What are your hopes and intentions for the record?   

The Ex Senators intend to make a lot of noise,  and our hopes are that people will join us for the ride.

What is the overriding ambition of the Ex Senators?
Global Domination.  Or at least a few square blocks of beach-side property to start.
And the one goal you’d like to achieve by the end of 2012?   
I’ve always wanted to learn to juggle.   Seriously our one goal is to engage people in a conversation that is meaningful and musical and since we’re already doing that I’d say 2012 is off to a roaring start.
Interview by Jeremy Williams

NEWS: Blood Red Shoes Announce New Album And Tour

Brighton-based duo Laura-Mary Carter and Steven Ansell will return this year with their 3rd album ‘In Time To Voices’ out on March 26th  and a new single ‘Cold’, released on March 19th via V2/Co-Operative Music. The band will also be hitting the road throughout the UK for an April and May tour.

Since the release of their debut almost 4 years ago, the duo have embarked on a gruelling, unrelenting tour schedule, seeing them travel the four corners of the globe and earning them an international fanbase. However the life on the road can have its side-effects as Steven speaks of some of their more troublesome moments :

‘”From getting arrested after spending a night drinking in a biker den, Laura fighting bouncers….twice, to the two of us breaking up onstage or having a giant fight in Prague and me getting found in the street robbed by two prostitutes. Oh and there was that time where we were invited to a hotel demolition party in Paris where we broke into Keith Richards’ room and totalled it. These stories are all on the record. I guess being only two people spending more than 300 days a year together makes you kind of…volatile. Modern bands seem way too clean-cut and sensible to us anyway.“

The new album ‘In Time To Voices’, released March 26th was recorded at The Motor Museum in Liverpool, continuing their successful partnership with Mike Crossey(Arctic Monkeys/Foals/Tribes) who co-produced the album with them.

The record sees Blood Red Shoes come of age musically, building on their punk rock roots and moving into an ambitious, three-dimensional new sound that encapsulates heavy rock as much as it does as sweeping, melancholy soundscapes and classic songwriting drawn from the likes of Black Sabbath, Fleetwood Mac, Led Zeppelin and The Rolling Stones.

Laura-Mary, sheds some light on the new, ambitious approach taken this time around:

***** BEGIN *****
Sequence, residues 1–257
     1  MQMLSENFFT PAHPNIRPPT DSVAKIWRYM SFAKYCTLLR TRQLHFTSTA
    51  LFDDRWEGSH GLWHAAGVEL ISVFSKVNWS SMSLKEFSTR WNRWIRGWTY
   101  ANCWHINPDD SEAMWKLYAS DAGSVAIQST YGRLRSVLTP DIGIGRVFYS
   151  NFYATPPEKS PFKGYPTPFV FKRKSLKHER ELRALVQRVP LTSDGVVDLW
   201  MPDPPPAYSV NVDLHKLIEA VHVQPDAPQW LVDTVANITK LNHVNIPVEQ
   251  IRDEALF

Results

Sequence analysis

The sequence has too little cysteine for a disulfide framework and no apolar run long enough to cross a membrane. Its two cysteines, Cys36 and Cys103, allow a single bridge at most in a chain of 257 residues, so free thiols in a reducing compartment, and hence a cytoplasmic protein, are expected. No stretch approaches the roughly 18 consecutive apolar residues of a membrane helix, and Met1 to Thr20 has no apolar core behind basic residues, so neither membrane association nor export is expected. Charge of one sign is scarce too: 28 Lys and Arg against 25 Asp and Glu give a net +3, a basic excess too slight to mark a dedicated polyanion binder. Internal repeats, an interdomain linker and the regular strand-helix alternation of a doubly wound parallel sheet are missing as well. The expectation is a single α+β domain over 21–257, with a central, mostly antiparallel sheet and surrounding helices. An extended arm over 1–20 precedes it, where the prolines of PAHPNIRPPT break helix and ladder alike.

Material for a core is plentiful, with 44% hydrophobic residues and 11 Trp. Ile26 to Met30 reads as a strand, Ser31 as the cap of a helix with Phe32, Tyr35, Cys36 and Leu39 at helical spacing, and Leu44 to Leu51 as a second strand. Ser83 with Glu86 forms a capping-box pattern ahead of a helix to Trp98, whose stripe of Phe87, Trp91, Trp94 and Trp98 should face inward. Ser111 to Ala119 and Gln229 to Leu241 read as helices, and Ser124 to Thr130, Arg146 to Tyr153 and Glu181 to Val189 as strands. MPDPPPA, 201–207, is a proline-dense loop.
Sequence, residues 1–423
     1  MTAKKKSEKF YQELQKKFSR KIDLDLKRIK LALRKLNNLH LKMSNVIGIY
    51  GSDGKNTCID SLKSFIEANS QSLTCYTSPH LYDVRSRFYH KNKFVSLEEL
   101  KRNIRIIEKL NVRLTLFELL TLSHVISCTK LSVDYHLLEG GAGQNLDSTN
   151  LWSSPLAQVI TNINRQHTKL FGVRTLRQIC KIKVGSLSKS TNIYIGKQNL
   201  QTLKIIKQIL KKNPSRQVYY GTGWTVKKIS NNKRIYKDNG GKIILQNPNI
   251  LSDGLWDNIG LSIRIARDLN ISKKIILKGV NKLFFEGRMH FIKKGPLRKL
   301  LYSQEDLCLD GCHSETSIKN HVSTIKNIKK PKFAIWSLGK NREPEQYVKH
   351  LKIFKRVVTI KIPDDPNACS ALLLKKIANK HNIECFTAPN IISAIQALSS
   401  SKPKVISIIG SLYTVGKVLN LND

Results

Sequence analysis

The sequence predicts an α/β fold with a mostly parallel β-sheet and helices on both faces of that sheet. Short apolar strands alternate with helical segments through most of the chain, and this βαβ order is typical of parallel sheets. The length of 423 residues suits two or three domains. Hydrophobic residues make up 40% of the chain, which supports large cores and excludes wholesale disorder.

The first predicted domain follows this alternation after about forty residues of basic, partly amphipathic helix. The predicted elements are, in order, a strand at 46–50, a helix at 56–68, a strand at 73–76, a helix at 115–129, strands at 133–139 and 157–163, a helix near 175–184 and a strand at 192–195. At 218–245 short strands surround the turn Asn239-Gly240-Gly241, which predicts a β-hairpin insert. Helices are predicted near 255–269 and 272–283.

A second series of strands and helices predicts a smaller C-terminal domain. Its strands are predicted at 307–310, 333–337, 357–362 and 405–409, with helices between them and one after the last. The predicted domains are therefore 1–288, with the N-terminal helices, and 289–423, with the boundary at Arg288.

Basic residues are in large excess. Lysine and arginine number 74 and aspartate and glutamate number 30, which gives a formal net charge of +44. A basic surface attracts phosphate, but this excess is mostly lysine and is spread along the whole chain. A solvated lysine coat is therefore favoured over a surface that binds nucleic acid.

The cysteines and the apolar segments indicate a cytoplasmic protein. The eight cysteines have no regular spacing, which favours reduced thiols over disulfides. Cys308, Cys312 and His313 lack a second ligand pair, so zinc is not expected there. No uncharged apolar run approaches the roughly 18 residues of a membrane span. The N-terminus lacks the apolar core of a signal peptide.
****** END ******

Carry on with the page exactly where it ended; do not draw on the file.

”With this album we totally threw out the rulebook of how we write and record. We decided we wanted to make a really ambitious record, not something which reflects our live show but something which is only limited by our imaginations and not by how many instruments we use onstage. We figured the best way to push ourselves forward was to write the best possible songs and melodies we could – once you have that as your foundation, you have the freedom to go anywhere with the sounds you use. We feel like a totally different band now. We feel like we’re shooting for the stars.”

The first single ‘Cold’ to be taken from their forthcoming long-player, sees Blood Red Shoes unleash a their most bold and defiant track to date, with Laura-Mary’s confident vocal delivery set alongside a hyperactive drum groove and a truly anthemic chorus.

On the track, Laura-Mary says:

“Steven started playing this weird drum beat in a soundcheck and I wanted to make it into a song, so I found this mean riff to play over it. It has this hip-hop groove which is something we’d never tried before.”


  • ·        In Time To Voices
  • ·        Lost Kids
  • ·        Cold
  • ·        Two Dead Minutes
  • ·        The Silence And The Drones
  • ·        Night Light
  • ·        Je Me Perds
  • ·        Stop Kicking
  • ·        Slip Into Blue
  • ·        Down Here In The Dark
  • ·        7 Years

Touring heavily throughout 2011, this year sees the band back on the road with no signs of slowing down with a full worldwide tour planned and UK dates confirmed, detailed below:



27th Concorde 2, Brighton, UK   Tickets: / Box office – 01273 673311
28th Wedgewood Rooms, Portsmouth, UK Tickets: / Box office – 02392 863911
29th 02 Academy 2, Oxford, UK Tickets: / Box office – 01912 304474